Sensory Integration Therapy

We all experience life through our senses. There are seven sensory systems:

  • Taste
  • Smell
  • Sight
  • Hearing
  • Touch (tactile)
  • Proprioception (muscle)
  • Vestibular (balance)

Recognizing, understanding, and responding to all the information that these sensory systems provide is called Sensory Integration. Individuals with sensory integration problems can be either “over responsive” or “under responsive” in any one of the sensory systems or have a combination of both.147-cropped

AccessCNY provides multi-sensory experiences for people with a variety of sensory deficits. Individuals who have difficulty receiving, processing or responding to sensory information may demonstrate decreased attention span, limited social interaction, tactile defensiveness and/or over/under reaction to sensory inputs.

Services

AccessCNY clinicians are trained in both observation-based and standardized evaluations. A detailed report is written which discusses the results and recommendations.

We believe in a hands-on approach to therapy. Therapy practitioners work one-to-one with each participant. During an initial evaluation, the therapist and participant identify goals that can be addressed through sensory integration therapy. The individualized treatment plan is modified as skills progress.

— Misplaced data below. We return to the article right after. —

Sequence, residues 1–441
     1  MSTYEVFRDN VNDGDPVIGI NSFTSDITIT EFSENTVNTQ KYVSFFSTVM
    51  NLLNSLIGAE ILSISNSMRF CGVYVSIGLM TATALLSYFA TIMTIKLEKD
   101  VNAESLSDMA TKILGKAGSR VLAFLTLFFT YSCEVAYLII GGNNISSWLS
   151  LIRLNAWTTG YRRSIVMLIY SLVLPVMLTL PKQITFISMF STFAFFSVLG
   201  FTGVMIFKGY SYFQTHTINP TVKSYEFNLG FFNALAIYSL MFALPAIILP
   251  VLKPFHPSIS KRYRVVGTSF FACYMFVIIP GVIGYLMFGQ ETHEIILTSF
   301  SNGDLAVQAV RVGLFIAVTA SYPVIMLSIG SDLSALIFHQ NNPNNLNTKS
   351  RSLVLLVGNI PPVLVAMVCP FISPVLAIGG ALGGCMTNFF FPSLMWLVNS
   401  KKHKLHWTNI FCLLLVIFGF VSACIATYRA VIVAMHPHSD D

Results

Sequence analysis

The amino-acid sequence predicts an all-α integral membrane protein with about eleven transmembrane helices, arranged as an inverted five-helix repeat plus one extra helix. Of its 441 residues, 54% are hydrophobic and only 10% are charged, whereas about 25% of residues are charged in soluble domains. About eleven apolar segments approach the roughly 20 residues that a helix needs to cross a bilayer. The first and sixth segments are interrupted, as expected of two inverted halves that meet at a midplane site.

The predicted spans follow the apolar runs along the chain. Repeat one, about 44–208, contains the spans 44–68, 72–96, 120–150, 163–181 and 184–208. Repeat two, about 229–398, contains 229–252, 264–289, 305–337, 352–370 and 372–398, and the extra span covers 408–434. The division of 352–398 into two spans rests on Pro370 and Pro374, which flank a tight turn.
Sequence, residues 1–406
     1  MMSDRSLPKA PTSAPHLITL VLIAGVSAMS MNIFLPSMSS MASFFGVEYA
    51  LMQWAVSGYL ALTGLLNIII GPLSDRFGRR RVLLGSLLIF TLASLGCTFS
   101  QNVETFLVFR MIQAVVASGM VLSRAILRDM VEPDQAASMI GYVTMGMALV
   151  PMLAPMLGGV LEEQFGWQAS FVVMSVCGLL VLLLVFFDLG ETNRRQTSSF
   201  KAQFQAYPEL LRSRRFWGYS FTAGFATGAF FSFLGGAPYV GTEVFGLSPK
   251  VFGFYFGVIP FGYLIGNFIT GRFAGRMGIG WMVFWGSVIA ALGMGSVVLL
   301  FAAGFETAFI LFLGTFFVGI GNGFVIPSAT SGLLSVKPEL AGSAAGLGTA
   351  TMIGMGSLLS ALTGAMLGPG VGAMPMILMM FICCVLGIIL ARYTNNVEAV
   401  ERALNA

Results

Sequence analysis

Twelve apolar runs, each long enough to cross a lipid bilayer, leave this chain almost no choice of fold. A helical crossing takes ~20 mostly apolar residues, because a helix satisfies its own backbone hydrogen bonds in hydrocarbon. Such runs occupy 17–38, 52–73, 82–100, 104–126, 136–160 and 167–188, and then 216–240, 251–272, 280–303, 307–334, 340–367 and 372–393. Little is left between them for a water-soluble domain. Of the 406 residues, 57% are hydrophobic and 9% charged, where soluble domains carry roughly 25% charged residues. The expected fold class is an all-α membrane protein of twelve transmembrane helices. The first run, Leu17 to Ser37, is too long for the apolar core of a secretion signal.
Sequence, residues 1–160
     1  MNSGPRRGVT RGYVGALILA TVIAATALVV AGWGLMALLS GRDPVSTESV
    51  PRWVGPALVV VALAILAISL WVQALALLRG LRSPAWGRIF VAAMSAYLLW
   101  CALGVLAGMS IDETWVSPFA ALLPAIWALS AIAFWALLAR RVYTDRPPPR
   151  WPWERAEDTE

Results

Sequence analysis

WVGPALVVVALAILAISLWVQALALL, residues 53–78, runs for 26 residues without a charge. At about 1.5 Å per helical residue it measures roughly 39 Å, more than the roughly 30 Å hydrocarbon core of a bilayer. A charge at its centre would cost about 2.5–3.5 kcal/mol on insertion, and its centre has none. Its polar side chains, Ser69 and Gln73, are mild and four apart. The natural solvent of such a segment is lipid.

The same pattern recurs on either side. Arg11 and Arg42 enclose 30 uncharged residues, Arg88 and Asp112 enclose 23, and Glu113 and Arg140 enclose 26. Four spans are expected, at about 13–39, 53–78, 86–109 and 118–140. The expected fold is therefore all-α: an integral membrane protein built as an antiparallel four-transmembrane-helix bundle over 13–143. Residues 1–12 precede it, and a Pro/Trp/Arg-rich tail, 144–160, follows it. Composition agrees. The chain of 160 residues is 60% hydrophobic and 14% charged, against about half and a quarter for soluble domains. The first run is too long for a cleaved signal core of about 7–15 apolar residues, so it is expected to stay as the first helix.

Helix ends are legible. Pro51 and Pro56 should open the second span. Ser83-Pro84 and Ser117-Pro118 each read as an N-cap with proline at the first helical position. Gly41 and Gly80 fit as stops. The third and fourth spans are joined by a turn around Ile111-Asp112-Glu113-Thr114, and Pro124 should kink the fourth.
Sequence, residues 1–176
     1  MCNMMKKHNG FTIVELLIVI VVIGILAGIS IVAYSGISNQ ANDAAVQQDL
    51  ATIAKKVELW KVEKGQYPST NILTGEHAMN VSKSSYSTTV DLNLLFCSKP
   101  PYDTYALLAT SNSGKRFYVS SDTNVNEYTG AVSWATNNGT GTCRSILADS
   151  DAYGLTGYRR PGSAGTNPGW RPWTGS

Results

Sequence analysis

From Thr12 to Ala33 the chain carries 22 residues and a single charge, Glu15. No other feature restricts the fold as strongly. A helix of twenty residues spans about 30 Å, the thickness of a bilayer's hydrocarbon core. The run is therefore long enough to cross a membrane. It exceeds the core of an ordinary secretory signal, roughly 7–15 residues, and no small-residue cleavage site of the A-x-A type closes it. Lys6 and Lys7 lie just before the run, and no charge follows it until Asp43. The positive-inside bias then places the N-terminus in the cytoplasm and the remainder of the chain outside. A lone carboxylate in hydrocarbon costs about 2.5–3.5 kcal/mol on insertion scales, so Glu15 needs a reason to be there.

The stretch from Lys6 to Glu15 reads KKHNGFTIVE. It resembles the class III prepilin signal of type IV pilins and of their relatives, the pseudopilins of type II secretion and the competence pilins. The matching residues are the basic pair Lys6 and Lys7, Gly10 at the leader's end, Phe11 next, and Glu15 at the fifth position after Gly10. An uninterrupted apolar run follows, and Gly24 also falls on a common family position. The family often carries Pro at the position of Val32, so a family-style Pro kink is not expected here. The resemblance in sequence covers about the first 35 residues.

To promote skills within the participant’s daily environments, clinicians may make recommendations regarding appropriate equipment. We offer training for staff, family and caregivers on sensory integration principles and on the specific needs of the participant.

Facilities

Located in our LEED®-certified green building, AccessCNY’s sensory integration room is an ideal environment for therapy services. A variety of equipment and resources are available to address the needs of each participant. The adjacent family waiting area features comfortable furniture and play activities.

Contact

Monica Cappa, Referral Coordinator
(315) 410-3319
Fax: (315) 455-1087
mcappa@accesscny.org

Eligibility/Funding

Referrals for services are accepted from families, service coordinators, physicians, therapists, and others. Physician prescription is required prior to receiving services.

There is a fee for services. Medicare, Medicaid, private insurance, private pay and alternate funding sources are accepted. Assistance is available to help individuals obtain funding.